Although support for text and audio synchronization in EPUB reading systems still isn’t complete or perfect, we’ve been learning more about the optimal ways to generate the content.
I keep having conversations about overlays and then keep forgetting to write down what the issues and resolutions are, so decided to make that the topic for the day.
This post will probably be a bit of a hodgepodge of ideas, so you’ll just have to bear with me.
Reflowable and Fixed Layout
Content dynamically paginated by the reading system… author-defined fixed layout pages… who cares when we’re just talking about synchronizing prerecorded audio with the text, right?
Wrong. Your choice of content flow is actually more significant than you might first think, at least at this stage.
For one, if you choose to do a plain old reflowing publication, your media overlays aren’t going to work in iBooks. It only handles media overlays when they’re associated with fixed layout documents, so your users won’t have access to the audio. Maybe that’s not a concern for you, but it is an impediment to getting accessible books in the mainstream.
That said, there is a sneaky advantage in not dealing with reflowable documents. Not that I expect Apple had designs on sneakiness, but it makes an easy segue into the next problem: dynamic page turns.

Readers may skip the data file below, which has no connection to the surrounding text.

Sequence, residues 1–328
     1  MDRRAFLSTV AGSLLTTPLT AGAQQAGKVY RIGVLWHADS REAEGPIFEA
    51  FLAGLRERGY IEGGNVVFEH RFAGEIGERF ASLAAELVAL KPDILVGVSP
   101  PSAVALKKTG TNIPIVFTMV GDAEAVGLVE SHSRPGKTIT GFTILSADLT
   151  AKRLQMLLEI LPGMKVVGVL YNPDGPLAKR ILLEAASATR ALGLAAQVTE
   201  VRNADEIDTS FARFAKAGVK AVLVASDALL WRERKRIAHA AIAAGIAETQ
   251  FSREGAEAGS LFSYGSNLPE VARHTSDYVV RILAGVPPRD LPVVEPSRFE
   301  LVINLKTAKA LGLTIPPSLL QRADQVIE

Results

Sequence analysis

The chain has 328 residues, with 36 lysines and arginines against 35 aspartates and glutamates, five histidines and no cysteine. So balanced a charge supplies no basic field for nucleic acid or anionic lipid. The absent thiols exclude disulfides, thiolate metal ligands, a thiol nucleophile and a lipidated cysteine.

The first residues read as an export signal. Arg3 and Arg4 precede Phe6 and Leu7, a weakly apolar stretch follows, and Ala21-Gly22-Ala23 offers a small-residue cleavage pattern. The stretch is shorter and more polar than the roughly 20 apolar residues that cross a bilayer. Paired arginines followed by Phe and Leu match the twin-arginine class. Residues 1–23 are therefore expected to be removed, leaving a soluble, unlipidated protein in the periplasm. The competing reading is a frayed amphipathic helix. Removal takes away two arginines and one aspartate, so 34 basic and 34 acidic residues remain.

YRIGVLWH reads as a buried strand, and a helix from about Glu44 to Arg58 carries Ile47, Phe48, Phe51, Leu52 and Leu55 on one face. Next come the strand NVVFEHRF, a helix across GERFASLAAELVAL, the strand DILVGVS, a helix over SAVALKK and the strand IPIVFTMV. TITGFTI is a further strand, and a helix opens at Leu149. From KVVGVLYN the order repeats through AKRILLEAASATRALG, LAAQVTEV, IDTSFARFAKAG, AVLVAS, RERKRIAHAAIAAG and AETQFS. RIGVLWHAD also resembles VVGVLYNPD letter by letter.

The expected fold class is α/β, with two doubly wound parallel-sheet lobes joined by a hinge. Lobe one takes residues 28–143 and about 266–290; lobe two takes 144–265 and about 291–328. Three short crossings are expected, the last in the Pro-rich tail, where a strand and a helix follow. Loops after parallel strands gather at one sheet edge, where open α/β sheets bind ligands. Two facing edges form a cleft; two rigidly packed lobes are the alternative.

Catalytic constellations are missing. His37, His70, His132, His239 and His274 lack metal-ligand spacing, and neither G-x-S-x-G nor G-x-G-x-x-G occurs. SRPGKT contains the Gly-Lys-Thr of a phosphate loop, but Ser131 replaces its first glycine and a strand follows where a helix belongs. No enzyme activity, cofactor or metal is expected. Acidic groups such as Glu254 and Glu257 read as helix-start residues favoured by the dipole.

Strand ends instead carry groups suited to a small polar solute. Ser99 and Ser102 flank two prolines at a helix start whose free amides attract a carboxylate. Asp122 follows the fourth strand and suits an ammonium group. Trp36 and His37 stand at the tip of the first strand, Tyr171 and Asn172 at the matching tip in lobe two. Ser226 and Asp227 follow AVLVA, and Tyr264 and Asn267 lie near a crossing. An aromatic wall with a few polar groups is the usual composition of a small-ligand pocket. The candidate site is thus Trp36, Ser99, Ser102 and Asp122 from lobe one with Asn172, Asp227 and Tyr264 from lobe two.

It’s easy and predictable for a reading system to keep the current page synchronized with the text/audio playback when every document represents a page. That’s fixed layouts in a nutshell. When all the synchronization points have been played, it means the current page is finished and its time to move on to the next.
By not creating/supporting reflowable text, you never have to think about the problem of what happens when the page boundaries are fluid. If your content is synchronized to the paragraph, for example, what happens when first half the paragraph is at the bottom of one page and the latter half at the top of the next, particularly when that next page is not visible?
Naturally enough, anyone following the text with the audio will be stuck listening as the narration continues on to the unseen content, as the page turn won’t occur until the next paragraph is reached.
The problem doesn’t go away if you synchronize to the sentence, either, it’s just mitigated somewhat by the shorter length of a sentence. Only word-level synchronization avoids this problem entirely (which is why you don’t find it with text-to-speech playback).
You can’t blame the reading systems for this potential oddity of media overlays, either. While it might look like a reading system bug when playing, pouring resources into heuristic tests to try and guess the right point to flip the page is unrealistic (e.g., average guess of seconds per word times the number of words showing and flip the page when the resulting time has elapsed).
It really shouldn’t be incumbent on reading systems to make up for a content design decision, but it will affect your decision making if you want to produce full text and audio synchronized books. The more granular you can get the better, but as I outlined in the book it can come at a cost.